Recently, a 1952 Mickey Mantle baseball card, in near-mint condition, sold for a record $12.6 million at auction. Imagine if the new owner brought the card home and showed it to a friend, carefully instructing the friend not to take it out of its protective cover. But while the new owner’s attention is diverted, the friend removes the card from its sleeve, lays it on the table, and proceeds to spill his nearby beer. Luckily, the friend is able to swipe the card off the table before it is completely ruined, but a few small drops of beer permanently stain the once-near-mint condition card.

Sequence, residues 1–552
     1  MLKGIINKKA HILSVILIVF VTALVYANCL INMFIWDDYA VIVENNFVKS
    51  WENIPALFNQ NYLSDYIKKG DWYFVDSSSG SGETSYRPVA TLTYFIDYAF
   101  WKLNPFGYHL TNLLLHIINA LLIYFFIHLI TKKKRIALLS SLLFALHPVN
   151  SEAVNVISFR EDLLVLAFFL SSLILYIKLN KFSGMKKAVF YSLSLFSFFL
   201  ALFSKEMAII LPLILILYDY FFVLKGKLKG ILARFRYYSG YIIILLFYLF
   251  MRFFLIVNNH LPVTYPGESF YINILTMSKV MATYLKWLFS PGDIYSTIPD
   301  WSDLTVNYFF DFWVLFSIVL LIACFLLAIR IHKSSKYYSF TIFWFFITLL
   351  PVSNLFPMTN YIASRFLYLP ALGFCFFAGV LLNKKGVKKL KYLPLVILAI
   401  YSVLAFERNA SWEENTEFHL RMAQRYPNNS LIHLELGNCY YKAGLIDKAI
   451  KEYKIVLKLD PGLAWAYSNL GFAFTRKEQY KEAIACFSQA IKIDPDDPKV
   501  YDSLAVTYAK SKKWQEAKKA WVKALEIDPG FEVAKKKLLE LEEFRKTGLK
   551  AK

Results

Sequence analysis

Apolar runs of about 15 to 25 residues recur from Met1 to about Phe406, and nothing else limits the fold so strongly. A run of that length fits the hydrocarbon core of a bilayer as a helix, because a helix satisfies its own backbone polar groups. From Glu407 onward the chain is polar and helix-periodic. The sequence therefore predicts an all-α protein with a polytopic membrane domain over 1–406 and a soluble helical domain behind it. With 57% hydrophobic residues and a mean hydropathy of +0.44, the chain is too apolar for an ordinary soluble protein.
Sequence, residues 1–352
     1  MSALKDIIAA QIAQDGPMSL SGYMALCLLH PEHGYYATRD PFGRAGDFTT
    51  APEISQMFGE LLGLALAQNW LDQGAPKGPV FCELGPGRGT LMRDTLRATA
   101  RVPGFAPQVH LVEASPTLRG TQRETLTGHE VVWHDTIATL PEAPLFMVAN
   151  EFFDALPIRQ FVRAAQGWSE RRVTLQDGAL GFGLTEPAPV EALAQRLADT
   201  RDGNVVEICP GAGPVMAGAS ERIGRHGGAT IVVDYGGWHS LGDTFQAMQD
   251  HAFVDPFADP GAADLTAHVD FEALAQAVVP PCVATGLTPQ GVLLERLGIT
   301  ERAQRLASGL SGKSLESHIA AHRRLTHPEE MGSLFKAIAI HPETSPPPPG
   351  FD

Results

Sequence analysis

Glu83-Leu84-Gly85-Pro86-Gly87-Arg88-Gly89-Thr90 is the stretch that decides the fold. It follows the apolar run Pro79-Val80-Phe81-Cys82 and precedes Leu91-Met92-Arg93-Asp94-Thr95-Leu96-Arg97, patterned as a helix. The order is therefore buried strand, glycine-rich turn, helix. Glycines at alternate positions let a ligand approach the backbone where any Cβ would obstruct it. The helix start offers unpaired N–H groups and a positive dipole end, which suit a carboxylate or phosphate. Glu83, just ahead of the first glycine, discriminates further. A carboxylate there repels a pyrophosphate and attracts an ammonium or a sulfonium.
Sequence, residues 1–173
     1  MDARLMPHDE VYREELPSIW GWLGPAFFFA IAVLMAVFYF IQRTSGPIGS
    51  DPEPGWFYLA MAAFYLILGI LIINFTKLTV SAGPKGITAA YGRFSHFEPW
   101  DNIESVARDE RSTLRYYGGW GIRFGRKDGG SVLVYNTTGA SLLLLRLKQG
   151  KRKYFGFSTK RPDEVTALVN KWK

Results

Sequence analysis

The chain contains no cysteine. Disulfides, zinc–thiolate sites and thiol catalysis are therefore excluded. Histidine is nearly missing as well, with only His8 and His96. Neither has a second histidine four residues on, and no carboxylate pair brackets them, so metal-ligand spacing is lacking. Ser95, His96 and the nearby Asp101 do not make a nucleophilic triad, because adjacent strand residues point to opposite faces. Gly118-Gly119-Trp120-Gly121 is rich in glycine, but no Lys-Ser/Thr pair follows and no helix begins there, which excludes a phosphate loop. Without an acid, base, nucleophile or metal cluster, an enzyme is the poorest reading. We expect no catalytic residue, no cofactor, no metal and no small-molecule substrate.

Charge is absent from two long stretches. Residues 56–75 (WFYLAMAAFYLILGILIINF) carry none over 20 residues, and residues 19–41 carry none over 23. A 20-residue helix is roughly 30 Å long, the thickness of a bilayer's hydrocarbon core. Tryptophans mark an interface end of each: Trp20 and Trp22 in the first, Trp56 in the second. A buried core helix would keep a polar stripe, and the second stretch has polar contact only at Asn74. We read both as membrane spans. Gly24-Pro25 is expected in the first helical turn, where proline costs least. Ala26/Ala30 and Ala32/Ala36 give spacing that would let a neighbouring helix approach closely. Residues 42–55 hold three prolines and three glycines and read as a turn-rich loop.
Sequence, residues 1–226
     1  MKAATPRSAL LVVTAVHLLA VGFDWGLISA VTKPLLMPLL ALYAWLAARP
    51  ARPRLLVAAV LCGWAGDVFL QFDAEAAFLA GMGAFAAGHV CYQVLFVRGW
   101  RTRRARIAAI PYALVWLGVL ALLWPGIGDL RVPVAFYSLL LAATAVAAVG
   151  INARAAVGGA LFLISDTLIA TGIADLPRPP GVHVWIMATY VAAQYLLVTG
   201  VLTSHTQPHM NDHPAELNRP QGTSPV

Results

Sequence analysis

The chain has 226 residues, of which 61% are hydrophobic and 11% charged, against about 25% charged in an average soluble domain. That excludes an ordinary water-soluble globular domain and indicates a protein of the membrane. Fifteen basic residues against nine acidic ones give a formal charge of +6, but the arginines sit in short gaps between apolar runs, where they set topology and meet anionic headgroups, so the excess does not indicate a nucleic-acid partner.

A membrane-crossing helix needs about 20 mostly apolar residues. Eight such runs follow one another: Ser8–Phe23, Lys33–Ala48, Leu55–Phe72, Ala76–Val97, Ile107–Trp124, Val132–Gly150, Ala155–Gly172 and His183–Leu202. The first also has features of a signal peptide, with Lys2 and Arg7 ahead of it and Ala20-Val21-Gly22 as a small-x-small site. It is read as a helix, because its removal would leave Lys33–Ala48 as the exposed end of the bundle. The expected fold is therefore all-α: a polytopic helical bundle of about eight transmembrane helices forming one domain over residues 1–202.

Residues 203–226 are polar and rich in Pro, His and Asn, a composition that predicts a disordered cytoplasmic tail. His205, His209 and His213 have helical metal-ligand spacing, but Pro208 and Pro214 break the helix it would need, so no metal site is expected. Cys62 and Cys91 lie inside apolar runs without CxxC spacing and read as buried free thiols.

Our colleagues Janene Marasciullo and David J. Clark of Epstein Becker Green have a new post on the Trade Secrets and Employee Mobility blog that will be of interest to our readers: "Less Than a Month After DOJ Brings Its First Wage-Fixing Indictment, DOJ Brings Its First "No-Poach" Indictment."
The following is an excerpt:
In the past month, the U.S. Department of Justice (DOJ) has made good on its 2016 threat, contained in its Antitrust Guidance for Human Resource Professionals (“Antitrust Guidance”) to bring criminal charges against people or corporations who enter into ...
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